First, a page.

Ethical Patriotism: Making a Home for Liberty

‘wherever they enjoyed liberty, there they thought themselves at home’

John Toland

In pursuit of radical politics and UK republicanism I hate ceding ground to the opposition. But it seems that all too often we avoid certain issues in a misplaced idea that they are ‘bad territory’ for us. History and tradition is one such issue.  The establishment controls the historical narrative to the extent that most popular history is about monarchs, empires and generals. So a huge area is left uncontested, leaving people ignorant of the great deeds of Levellers, Chartists and Suffragettes to name but a few.

It would be churlish not to recognise that things are changing. For example, we now have an English Civil War Centre at Newark (so Republicans can start talking about it!) and an increasing number of excellent books on radical and people’s history. But, alas, the media is largely silent and education is often woeful. Similarly with art and literature. I am happy to join with others to promote the great work of the poet Shelley, but even so the Chartist poets remain largely forgotten and there are excellent contemporary poets such as Spike the Poet from Corby struggling for recognition.. Their work is inspirational.

Another subject is patriotism.  I have blogged previously about an alternative, and I consider correct, view of patriotism to the popular one which owes too much to nationalism and jingoism. But I want think about extending that concept of patriotism to involve a love of your country as a home for liberty.  Patriotism in this sense strives not only for a just and free society at home, but seeks to make sure we act justly beyond our borders (what price arms sales to Saudi!), Writing about the ideas of Marcia Baron (more here) who worked on this ethical patriotism, Igor Primoratz describes:

A patriot of this, distinctively ethical type, would want to see justice done, rights respected, human solidarity at work at any time and in any place….She would be proud of the country’s moral record, when it inspires pride.

But thee are other aspects to this view of patriotism. Now, obviously, you can only enjoy liberty at the place where you are currently and not where you were born, assuming they are different. This feature makes it ideally suitable for a world where so many people are moving around, both within and between nations and continents. Maurizio Viroli put it another way. Writing about the author of my opening quote, John Toland,  he pointed out that in his conception:

As long as the fundamental value that inspires love of country is liberty, one can find this country elsewhere. 

Am I a patriot? Yes. I believe that we in these islands can develop a genuinely free and just society, but we have a long way to go. I am a patriot because I am prepared to work towards that day and not give up.  I guess that places me in the ‘ethical patriotism’ camp. But here is the thing.  I believe that there are Irish people, French people and people in every nation who wish the same thing. I encourage, support and applaud them   Tom Paine also believed this kind of internationalism and I think he was correct.

Lastly, if Martin Luther King can have a dream, so can I. My dream is that one day the the current international race based on resources and war is replaced by a new one.  This new race will be to extend ever greater liberty to their citizens. One of the criteria for winning the race will be to assist other nations with their goals of liberty, to free citizens from domination by hunger, debt and violence. To free them from religious persecution, homophobia, sexism or any number of other prejudices That this race is endless and cannot be won but must be run.…

OK, so MLK had a better dream than me.  I can handle that!

Can We Really Hold The Media Responsible For the Grenfell Tragedy? Yes, And This Is Why.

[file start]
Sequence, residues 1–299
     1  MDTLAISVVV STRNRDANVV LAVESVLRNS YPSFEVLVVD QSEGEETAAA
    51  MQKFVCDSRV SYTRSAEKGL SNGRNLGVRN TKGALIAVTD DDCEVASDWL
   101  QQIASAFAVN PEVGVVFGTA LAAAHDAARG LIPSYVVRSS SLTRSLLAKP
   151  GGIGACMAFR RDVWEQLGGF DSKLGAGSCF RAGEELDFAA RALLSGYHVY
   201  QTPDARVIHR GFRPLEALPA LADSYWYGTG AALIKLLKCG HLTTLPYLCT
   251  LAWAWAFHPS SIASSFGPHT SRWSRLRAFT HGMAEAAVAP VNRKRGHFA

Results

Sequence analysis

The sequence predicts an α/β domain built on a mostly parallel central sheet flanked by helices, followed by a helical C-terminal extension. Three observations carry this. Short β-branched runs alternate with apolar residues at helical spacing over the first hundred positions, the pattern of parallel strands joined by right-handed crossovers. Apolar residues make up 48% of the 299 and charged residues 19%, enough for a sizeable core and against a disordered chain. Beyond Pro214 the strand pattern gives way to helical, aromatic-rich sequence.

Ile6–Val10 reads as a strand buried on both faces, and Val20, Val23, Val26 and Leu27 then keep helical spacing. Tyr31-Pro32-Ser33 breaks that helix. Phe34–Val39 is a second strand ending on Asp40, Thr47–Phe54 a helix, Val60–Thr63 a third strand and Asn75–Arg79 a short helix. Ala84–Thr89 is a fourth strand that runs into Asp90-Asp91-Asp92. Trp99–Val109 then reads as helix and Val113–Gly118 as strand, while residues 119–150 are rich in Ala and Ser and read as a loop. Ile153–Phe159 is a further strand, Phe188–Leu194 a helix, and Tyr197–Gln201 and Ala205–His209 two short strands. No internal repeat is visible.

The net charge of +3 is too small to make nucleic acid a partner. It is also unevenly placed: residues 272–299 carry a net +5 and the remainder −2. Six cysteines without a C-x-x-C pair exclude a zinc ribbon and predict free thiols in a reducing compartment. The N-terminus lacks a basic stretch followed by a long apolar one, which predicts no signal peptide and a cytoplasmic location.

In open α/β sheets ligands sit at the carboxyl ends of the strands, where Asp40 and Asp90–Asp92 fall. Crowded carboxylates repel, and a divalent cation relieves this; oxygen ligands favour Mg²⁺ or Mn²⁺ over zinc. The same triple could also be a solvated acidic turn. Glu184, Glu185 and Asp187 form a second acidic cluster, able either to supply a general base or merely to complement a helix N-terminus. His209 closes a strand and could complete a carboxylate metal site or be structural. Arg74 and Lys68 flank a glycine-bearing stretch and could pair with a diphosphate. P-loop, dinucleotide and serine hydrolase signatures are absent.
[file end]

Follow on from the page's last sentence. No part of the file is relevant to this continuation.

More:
Following the disaster, the battle for the truth of Grenfell has started. The focus is now on the nature of the inquiry with concerns being raised over its leadership and conduct. As a direct result of his actions as part of the judiciary the Chairman, Sir Martin Moore-Bick, is viewed with deep suspicion and the initial meeting with residents was fractious.  Centre stage is an apprehension that the scope of the inquiry will be limited to just the local circumstances of North Kensington and not wider issues of social housing.

In previous blogs (here and here) I have suggested why Government and media will want a strictly limited inquiry based on a woeful deficit of democratic accountability. But there is another reason for scepticism.  Any comprehensive investigation must surely highlight the role of the media in using immigrants as a tool to drive their regressive agenda of slashing public servicess while giving tax cuts to the wealthy.

The Murdoch (The Sun and The Times) and Rothermere (Daily Mail and Mail on Sunday) owned press are the obvious culprits, but we must not ignore the role of the BBC in giving continuing prominence to  UKIP and its erstwhile (and future?) leader Nigel Farage despite fast fading support and no Parliamentary representation.  The focus has been on how immigrants are responsible for everything from an inability for people to get GP appointments, through  jumping social hosing queues, to being responsible for clogging up motorways!

But the aim of papers such as the Daily Mail and Daily Telegraph goes beyond simple populist xenophobic demonisation for its own sake and is really a tool for undermining public services. Services, by the way, used by ALL of us. These papers are implicitly, but effectively, promoting the idea that the populations of weldare states do not want to share their prosperity with others who they perceive as not ‘being like them’  The argument is essentially: if the immigrants get all the public goodies then why should we pay for public services? Consequently, support for redistribution of wealth withers as ethnic diversity, driven by migration, grows. As support for public services and a willingness to defend them wanes so the argument for cutting taxes for the rich, even in a time of austerity, can prosper. Here in a nutshell is the aim of the oligarchical press. More inequality, more wealth for the 1% and the less well-off, indigenous and immigrants alike suffer. All built on a perception of immigrants, asylum seekers and refugees, NOT the facts!